Mystery monkey finds home in St. Pete | News
St. Petersburg, Florida - Tampa Bay's mystery monkey seems to have found a home behind the house of a St. Petersburg couple. The homeowners, who do not want to be identified, feed the monkey daily and say he follows them around their house peeking in the windows from the outside.
In an email to 10 News the family says they have named the monkey Mr. Monk.
"It has been a constant progression of trust. At first he was very wary of us, and shy, and nervous. But time has passed and he has realized that we mean no harm and, in fact, welcome him to our little piece of paradise," the couple wrote.
The monkey has been roaming the Bay area for 3-years now, spotted everywhere from Hudson and Clearwater to Temple Terrace and South St. Petersburg.
The monkey's story has garnered national attention including talk on Comedy Central's Colbert Report. A song has been written about the monkey, even a fictitious Facebook page was created for the rhesus macaque.
Florida Fish and Wildlife has tried to capture the monkey in hopes that they can place him in a wildlife facility with other macaques. Officials have feared the monkey might eventually attack someone since he is outside of his normal environment.
It is believed the monkey was originally living in the Silver Spring area before he was likely chased out of his colony.
The St. Petersburg homeowners say they can get within a foot of Mr. Monk and that he will follow them on afternoon walks along their driveway.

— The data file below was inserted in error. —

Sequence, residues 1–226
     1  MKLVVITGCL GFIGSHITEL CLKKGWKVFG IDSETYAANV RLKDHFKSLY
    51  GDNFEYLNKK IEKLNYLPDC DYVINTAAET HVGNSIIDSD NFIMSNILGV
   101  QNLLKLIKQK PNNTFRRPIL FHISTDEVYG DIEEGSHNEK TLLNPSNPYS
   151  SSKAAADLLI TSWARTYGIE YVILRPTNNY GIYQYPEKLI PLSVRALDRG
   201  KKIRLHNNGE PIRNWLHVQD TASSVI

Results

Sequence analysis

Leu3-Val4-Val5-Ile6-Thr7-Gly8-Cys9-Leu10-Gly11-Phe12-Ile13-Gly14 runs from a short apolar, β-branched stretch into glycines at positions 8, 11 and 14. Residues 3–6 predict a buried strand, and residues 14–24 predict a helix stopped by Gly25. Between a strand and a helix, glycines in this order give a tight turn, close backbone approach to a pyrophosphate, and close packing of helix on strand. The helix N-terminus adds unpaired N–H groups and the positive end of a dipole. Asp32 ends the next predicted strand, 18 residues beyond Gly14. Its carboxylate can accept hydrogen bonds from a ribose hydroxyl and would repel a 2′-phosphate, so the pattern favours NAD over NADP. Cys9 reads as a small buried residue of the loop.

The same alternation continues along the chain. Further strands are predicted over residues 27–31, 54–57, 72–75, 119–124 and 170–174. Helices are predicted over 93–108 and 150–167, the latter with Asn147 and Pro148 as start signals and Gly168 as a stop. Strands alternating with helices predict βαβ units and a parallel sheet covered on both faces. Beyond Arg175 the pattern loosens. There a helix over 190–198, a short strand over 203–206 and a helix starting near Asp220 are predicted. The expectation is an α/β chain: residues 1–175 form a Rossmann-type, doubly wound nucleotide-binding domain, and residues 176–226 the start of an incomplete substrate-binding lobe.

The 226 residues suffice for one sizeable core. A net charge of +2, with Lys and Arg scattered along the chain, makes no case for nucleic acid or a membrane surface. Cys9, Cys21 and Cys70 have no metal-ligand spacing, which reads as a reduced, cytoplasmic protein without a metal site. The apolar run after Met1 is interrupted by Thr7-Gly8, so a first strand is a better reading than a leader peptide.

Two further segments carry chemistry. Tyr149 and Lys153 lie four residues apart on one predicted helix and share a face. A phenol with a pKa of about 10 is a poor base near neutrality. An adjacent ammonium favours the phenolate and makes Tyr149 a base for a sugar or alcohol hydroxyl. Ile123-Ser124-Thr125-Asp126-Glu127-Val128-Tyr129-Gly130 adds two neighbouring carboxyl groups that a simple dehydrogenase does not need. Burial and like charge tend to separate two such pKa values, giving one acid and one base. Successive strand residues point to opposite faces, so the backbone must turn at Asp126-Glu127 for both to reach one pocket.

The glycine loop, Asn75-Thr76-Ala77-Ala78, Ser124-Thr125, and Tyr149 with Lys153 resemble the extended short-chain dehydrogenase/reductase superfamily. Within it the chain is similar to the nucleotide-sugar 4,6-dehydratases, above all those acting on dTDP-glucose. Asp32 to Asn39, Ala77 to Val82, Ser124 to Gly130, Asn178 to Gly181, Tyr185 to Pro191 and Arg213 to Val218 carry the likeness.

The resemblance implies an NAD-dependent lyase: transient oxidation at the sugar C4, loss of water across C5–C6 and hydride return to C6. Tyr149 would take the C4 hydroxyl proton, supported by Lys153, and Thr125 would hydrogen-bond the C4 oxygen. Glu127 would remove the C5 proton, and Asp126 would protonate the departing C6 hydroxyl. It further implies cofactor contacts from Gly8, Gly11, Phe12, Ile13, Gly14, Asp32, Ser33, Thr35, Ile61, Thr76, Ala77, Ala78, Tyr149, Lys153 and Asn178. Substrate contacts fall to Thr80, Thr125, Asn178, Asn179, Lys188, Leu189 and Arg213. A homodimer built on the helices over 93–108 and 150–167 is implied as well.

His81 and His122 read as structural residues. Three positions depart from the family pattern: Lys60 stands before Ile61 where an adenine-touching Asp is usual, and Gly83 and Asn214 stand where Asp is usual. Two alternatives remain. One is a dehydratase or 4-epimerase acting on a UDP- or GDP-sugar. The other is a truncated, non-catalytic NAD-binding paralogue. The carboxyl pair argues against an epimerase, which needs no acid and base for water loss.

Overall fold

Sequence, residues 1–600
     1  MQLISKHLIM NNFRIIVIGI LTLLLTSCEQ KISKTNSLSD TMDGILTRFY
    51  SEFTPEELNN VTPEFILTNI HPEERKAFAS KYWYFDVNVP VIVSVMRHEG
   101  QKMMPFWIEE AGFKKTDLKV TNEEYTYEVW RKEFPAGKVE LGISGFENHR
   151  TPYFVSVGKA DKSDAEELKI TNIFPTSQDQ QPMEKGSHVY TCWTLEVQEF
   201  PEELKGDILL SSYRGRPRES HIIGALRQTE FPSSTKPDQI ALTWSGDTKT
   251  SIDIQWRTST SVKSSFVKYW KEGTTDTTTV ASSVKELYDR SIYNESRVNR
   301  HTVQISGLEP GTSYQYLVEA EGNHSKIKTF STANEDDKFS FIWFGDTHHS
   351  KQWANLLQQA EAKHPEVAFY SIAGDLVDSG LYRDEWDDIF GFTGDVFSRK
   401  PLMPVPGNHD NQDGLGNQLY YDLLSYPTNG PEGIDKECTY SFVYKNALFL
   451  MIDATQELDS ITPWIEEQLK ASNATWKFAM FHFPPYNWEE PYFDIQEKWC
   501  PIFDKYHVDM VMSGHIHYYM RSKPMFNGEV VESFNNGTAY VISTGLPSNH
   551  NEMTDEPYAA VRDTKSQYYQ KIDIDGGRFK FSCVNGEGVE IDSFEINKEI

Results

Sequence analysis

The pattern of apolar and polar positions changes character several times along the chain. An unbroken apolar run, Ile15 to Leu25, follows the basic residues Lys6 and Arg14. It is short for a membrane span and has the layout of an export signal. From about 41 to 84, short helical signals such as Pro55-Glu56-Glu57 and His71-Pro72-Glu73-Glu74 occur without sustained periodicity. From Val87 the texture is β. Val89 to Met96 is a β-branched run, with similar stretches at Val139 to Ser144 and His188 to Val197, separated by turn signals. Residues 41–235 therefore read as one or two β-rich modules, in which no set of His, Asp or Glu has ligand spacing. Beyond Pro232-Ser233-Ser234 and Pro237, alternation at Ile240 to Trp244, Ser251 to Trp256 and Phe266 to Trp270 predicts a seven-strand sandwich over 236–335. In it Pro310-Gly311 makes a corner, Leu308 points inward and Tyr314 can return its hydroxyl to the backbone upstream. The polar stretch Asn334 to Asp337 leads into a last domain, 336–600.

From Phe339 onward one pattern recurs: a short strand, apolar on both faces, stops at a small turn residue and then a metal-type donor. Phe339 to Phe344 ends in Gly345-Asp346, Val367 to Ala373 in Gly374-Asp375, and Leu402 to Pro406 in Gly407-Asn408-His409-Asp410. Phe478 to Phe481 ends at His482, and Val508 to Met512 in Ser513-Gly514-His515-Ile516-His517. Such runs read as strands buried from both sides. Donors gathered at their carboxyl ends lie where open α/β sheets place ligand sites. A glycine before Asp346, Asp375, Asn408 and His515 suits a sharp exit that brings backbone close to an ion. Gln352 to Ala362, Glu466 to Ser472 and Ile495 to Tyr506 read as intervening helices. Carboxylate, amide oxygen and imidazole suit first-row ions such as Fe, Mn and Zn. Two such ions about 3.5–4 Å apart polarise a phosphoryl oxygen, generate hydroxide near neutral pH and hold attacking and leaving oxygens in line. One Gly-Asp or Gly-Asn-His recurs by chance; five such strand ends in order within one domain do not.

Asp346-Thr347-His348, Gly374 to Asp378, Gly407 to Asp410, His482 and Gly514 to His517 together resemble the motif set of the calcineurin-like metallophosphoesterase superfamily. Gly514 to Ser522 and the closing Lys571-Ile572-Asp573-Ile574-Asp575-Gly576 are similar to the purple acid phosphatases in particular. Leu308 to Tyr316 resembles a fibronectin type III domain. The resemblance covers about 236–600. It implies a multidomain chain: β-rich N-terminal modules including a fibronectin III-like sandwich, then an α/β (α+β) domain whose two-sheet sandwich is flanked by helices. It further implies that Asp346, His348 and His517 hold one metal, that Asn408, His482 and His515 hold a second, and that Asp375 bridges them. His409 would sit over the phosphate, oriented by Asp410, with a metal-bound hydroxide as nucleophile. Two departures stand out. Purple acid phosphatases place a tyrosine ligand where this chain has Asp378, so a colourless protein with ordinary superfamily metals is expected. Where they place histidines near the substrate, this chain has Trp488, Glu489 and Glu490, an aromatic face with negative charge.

The couple say they feed him bananas and Oreo cookies. "He eats (the Oreos) just like you do ... he takes it apart and licks the creamy center, then eats the cookie," the family wrote.
Just as they have for three years, WFC officials hope the family will stop feeding the monkey and instead call them to have Mr. Monk captured. Gary Morse, FWC spokesperson says again they are afraid the monkey will eventually attack someone.
"While we express human kindness in certain terms that humans understand, animals don't usually understand that, they simply don't have that capacity," Morse said.
Vernon Yates, founder of Wildlife Rescue and Rehabilitation added if the monkey is not safely captured he believes the story of Mr. Monk will have a very sad ending.
"If the monkey is starting to look at people for food, as sad as it may seem it's almost to a point, just kill him now and avoid the rush because you are setting it up for a major, major problem," Yates said.